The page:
Presenter, Chris Packham, executive producer, Tom Barry, director, Charlie Russell, editor, Will Grayburn and producer, Lizzie Kempton for Chris Packham: Asperger’s and Me a Raw TV production for BBC Two.
Feature of the Year (general audience)
John McDermott, public policy editor at the The Economist for Damage control.
Joanna Moorhead, freelance, for Cancer I could deal with. Losing my breast I could not published in the Observer magazine
News Story of the Year (specialist audience)
Grace Lewis and Annabelle Collins for Pharmacy technicians could oversee POM supply under ‘sensitive’ proposals to DH published on chemistanddruggist.co.uk
Carolyn Wickware, senior reporter at Pulse, for Pressurised GP out-of-hours see serious incidents increase by 26% in a year .
News Story of the Year (broadcast)
The fast growing public health crisis on hospital wards is knife violence an ITN production for Channel 4 News. Reporter, Symeon Brown; producer, Girish Juneja and cameraman Jason Farrington.
News Story of the Year (general audience)
The Guardian health policy editor Denis Campbell and data journalist Pamela Duncan for NHS accused of covering up huge data loss that put thousands at risk.
Case Study of the Year
Jo Waters, freelance for Gold medal For Guts published in Good Health, Daily Mail.
Catherine Jones, Channel 5 health correspondent, for Nascot Lawn Respite Centre Closure, broadcast on News at 5.
Patrick Strudwick, LGBT editor, BuzzFeed for This Young Man Wants You To Know What It’s Like Being Intersex.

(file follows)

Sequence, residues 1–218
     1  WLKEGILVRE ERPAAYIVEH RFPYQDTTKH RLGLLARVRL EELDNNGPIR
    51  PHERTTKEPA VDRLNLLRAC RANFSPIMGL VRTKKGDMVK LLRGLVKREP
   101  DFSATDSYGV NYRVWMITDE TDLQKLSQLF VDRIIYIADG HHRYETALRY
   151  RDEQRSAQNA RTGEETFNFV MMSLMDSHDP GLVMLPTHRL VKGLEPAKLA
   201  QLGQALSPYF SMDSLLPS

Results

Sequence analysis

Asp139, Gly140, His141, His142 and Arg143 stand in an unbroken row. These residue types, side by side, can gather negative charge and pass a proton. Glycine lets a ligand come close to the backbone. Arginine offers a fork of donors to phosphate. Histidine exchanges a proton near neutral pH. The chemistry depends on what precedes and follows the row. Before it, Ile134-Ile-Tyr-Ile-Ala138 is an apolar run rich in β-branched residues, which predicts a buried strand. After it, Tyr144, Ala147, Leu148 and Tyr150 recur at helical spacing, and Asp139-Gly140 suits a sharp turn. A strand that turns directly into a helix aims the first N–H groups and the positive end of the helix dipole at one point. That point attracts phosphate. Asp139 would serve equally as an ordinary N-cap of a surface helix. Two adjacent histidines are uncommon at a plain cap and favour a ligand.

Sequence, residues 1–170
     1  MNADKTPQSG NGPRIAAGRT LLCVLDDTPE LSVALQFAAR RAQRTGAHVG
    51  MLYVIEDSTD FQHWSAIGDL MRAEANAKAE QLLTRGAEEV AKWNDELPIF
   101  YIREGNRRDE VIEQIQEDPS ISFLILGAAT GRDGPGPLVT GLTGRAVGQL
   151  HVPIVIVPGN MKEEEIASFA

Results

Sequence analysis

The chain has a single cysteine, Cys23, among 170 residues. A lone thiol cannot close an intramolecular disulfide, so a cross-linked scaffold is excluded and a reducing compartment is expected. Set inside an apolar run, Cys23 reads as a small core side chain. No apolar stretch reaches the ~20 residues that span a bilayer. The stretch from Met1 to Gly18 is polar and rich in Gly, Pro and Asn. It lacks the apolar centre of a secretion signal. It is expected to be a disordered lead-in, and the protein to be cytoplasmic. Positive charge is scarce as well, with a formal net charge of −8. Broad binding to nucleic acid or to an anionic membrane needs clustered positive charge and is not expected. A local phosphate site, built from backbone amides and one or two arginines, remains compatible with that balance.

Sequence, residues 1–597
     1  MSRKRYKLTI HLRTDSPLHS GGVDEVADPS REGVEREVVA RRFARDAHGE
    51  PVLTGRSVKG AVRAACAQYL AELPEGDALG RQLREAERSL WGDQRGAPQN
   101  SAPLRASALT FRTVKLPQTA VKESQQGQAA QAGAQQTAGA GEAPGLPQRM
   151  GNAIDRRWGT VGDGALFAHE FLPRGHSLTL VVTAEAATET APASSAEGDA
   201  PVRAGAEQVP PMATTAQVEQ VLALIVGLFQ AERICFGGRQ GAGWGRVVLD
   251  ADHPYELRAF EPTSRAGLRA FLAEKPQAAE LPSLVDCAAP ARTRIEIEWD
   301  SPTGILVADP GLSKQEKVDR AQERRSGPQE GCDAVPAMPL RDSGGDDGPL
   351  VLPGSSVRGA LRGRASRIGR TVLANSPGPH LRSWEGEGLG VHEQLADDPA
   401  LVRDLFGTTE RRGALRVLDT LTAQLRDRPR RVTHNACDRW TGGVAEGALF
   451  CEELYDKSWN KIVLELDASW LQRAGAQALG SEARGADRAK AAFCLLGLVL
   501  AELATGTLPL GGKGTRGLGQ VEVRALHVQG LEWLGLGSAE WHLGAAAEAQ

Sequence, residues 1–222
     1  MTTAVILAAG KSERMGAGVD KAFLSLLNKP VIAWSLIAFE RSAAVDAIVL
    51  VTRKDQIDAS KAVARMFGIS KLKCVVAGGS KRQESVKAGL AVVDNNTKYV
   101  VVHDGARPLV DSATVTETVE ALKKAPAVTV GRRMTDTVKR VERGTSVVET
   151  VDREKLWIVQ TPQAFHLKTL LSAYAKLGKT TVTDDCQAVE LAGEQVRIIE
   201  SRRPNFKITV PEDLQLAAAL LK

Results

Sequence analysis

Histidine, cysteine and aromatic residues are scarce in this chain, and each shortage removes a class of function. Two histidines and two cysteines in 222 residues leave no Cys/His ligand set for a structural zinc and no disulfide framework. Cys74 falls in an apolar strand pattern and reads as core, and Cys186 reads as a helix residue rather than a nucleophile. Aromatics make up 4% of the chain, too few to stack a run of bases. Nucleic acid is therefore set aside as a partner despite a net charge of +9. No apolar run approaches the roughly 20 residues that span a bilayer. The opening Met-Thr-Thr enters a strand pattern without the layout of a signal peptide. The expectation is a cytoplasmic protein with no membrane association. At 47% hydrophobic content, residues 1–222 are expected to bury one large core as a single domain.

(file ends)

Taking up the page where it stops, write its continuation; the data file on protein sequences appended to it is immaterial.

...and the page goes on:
Kat Arney, freelance for Unlocking the secrets of the brain published in BBC Science Focus.
Freelance of the Year
Faye Kirkland for her broadcast journalism for Newsnight BBC 2, BBC News at Ten, and BBC News at Six and Ten
Editor of the Year
Christina Earle, health editor (features) at The Sun. Christina, who launched the paper’s Who Cares Wins awards, died suddenly and unexpectedly earlier this year. She was nominated by her friend and colleague Lynsey Hope. Submissions one two three
Outstanding Contribution to Health or Medical Journalism
In this category, which is sponsored by Edelman, the shortlist is not announced until the night of the Awards ceremony, with the shortlist and winner being selected by the judges from across all categories.
Christina Earle, health editor (features), The Sun
EXCELLENCE IN PR AWARD
This year the Medical Journalists’ Association, supported by the Healthcare Communications Association (HCA), launched a new award for excellence in PR to recognise the communications teams and PR agencies who understand what journalists really want. This award is judged by journalists, for journalists, with the aim of improving the standard of releases and press materials MJA members receive.
MJA chair Lawrence McGinty says: “We know this award may lead to some raised eyebrows, but I doubt there is a journalist in the land who has not quoted a press release, or used a well-written one as the springboard for a story.
“Journalists and PRs have, by definition, different agendas, but there is a space where the Venn diagrams cross and both can win. Acknowledging this, and recognising when a PR agency or communications team is getting it right, does nothing to change the MJA’s motto: Independent and bloody-minded.”
Mike Dixon, CEO of the HCA says: “There are many awards available for healthcare PR teams to enter, but only this MJA award is judged by journalists themselves. For a PR team, that makes gaining recognition in this award very special indeed. What PR team would not want to be able to tell a prospective client, or their organisation’s directors, that the journalists they are targeting have identified their work as worthy of recognition for excellence?”
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Thank you to our sponsors and supporters, MSD, Lilly, Sanofi, Edelman and the Healthcare Communications Association and congratulations to all our finalists and winners.